Hearing impairment refers to partial or total loss of hearing. There are three types of hearing loss: conductive hearing loss, which occurs when there’s an obstruction of sound wave transmission; sensorineural hearing loss which occurs when the inner ear or auditory nerve is damaged; and mixed hearing loss which is a combination of the two.
Let’s start with the normal physiology of hearing. The ear is made up of three parts: the external, middle, and inner ear, all of which help process air vibrations as sound. The main role of the external and middle ear is to transfer and amplify sound, while the inner ear also plays a role in balance. Let’s start with the external ear, which is by far the most common anatomical spot to hang earrings from. The external ear is actually a complex structure made of the auricle, also called the pinna; and the external acoustic meatus. Now, at the end of the external acoustic meatus, there’s the thin, oval tympanic membrane, more commonly known as the eardrum, which separates the external ear from the middle ear. When sound waves hit the tympanic membrane, it vibrates and transfers the vibration to the middle ear.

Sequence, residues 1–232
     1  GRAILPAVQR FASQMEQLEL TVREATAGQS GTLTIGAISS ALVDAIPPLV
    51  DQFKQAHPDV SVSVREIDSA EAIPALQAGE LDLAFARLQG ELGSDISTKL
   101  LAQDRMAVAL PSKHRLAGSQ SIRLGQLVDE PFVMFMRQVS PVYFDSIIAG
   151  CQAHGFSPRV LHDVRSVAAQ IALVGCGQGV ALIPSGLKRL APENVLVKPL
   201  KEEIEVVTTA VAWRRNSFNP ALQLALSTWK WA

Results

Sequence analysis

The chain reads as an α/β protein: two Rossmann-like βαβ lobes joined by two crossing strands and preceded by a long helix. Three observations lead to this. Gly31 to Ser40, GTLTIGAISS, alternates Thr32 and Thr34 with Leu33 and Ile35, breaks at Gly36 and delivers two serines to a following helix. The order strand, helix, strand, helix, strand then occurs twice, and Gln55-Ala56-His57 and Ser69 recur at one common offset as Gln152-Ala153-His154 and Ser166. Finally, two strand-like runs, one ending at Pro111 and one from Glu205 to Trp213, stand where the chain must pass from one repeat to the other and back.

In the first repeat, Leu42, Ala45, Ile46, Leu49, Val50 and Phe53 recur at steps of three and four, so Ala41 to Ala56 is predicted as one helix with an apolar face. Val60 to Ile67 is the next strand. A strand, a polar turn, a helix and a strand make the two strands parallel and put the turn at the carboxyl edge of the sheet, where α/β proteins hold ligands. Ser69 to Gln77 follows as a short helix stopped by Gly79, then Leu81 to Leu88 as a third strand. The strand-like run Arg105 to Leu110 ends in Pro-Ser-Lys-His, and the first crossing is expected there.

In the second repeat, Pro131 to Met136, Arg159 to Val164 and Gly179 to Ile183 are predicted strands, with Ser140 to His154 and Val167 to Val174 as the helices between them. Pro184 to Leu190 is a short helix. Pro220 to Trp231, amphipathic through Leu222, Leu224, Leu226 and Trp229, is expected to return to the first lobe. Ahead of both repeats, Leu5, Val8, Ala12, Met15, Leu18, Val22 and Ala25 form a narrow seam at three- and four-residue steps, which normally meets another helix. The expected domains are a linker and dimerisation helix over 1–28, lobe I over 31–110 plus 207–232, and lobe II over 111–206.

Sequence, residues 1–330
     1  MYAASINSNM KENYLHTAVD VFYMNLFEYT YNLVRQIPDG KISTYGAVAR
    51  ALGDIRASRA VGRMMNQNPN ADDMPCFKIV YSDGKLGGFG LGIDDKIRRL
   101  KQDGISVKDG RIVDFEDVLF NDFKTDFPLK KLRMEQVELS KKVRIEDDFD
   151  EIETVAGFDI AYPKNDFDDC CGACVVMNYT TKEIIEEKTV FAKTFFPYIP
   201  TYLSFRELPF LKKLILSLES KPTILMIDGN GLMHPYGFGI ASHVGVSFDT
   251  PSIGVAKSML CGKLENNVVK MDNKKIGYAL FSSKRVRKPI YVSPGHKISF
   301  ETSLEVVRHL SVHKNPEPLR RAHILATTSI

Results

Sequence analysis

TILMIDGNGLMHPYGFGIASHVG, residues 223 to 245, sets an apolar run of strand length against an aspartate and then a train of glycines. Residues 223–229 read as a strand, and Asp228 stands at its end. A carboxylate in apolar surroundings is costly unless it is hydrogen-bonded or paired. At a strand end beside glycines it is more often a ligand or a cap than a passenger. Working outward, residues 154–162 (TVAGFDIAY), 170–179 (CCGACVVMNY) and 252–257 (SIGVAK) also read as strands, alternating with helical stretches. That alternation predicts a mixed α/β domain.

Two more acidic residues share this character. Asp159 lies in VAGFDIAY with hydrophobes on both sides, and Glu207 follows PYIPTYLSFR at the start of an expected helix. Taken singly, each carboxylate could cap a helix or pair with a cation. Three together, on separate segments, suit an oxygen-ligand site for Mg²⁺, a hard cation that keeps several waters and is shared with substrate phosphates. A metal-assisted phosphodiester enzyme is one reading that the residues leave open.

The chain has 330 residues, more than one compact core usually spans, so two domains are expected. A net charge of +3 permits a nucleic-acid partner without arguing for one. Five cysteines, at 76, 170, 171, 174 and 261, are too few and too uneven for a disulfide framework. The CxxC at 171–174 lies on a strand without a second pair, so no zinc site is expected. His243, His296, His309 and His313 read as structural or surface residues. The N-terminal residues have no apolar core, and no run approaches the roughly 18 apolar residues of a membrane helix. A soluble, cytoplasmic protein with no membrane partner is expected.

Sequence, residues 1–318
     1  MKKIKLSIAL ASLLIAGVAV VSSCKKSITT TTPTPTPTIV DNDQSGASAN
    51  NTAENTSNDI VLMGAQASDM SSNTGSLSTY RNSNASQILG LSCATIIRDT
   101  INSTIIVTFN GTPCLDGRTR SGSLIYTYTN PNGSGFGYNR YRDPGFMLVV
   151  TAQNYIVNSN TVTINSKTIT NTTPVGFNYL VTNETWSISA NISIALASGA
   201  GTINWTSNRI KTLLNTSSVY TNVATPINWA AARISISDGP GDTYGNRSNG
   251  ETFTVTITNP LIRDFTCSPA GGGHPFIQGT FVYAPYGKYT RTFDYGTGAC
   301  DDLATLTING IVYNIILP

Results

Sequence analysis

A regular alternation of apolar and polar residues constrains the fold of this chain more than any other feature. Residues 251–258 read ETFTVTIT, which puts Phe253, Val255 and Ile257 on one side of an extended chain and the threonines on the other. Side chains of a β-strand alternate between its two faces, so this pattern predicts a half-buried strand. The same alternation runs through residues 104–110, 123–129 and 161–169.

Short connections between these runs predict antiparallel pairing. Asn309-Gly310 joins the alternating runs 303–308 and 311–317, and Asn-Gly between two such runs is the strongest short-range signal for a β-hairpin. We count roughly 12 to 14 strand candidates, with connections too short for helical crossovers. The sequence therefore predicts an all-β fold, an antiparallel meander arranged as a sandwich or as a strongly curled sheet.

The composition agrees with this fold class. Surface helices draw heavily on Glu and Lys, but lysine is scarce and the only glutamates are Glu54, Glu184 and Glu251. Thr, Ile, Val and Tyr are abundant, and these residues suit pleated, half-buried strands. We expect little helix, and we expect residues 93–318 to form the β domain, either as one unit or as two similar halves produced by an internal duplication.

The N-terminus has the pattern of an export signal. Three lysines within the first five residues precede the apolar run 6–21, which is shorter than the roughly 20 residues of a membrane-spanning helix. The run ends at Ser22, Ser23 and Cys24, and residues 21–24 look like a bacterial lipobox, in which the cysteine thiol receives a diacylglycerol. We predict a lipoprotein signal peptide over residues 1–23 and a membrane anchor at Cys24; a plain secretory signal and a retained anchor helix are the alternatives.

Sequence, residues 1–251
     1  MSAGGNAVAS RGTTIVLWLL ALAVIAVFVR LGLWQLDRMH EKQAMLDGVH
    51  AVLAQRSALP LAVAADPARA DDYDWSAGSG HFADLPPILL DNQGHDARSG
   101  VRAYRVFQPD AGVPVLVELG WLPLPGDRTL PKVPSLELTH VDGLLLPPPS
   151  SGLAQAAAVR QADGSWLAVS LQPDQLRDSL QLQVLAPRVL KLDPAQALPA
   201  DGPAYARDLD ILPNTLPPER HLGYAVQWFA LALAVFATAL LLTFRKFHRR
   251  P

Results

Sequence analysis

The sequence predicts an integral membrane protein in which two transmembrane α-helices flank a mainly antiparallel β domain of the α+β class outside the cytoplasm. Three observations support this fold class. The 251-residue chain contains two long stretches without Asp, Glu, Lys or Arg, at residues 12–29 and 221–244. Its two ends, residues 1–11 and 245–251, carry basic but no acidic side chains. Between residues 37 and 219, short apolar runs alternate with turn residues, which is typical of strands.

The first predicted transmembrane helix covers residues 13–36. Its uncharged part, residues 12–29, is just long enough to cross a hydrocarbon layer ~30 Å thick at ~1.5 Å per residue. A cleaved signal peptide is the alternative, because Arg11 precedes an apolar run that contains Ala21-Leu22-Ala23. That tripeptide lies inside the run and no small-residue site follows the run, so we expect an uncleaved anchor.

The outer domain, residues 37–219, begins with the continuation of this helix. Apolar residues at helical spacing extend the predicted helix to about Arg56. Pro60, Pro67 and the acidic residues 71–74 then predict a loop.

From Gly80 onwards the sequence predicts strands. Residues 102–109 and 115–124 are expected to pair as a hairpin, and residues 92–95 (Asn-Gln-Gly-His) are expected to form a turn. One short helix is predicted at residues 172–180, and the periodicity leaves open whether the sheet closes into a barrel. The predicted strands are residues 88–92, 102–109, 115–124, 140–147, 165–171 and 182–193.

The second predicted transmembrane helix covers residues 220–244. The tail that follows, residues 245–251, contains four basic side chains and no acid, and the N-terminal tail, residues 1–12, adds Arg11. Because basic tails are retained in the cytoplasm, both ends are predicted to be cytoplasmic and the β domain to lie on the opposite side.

The middle ear, also called the tympanic cavity, is a tiny chamber found in the petrous part of the temporal bone, and it houses the three auditory ossicles, called the malleus, incus and stapes, which are the three smallest bones in the body. These ossicles create a chain that connects the tympanic membrane to the oval window to transfer and amplify air vibrations into the inner ear to be processed as sound. Now, the inner ear contains the bony labyrinth, which contains cavities filled with perilymph, and the membranous labyrinth, which is made of sacs and ducts suspended in the bony labyrinth.